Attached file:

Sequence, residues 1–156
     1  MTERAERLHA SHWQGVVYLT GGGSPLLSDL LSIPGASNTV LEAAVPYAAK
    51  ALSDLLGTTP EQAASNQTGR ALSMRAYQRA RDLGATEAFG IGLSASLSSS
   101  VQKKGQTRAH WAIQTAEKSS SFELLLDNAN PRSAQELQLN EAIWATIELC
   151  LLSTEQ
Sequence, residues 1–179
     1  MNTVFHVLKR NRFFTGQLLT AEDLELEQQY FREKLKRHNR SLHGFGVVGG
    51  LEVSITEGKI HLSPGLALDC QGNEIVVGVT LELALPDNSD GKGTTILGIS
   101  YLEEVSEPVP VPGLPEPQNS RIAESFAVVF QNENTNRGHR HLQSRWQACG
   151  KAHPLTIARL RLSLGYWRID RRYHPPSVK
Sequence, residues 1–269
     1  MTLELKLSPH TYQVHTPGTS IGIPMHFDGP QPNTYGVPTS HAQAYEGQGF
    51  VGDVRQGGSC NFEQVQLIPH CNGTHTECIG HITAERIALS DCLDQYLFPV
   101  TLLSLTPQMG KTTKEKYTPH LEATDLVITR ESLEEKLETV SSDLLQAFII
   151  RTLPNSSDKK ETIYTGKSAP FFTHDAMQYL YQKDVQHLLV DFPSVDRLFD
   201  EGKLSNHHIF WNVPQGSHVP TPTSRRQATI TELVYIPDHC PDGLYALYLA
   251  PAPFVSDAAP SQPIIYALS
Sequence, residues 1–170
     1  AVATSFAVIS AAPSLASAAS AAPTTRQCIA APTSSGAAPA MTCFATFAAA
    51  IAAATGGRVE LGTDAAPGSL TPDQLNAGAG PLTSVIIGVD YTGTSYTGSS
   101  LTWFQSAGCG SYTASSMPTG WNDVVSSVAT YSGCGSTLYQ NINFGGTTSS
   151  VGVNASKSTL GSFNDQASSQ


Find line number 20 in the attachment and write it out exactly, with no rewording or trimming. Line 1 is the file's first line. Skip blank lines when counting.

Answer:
    51  IAAATGGRVE LGTDAAPGSL TPDQLNAGAG PLTSVIIGVD YTGTSYTGSS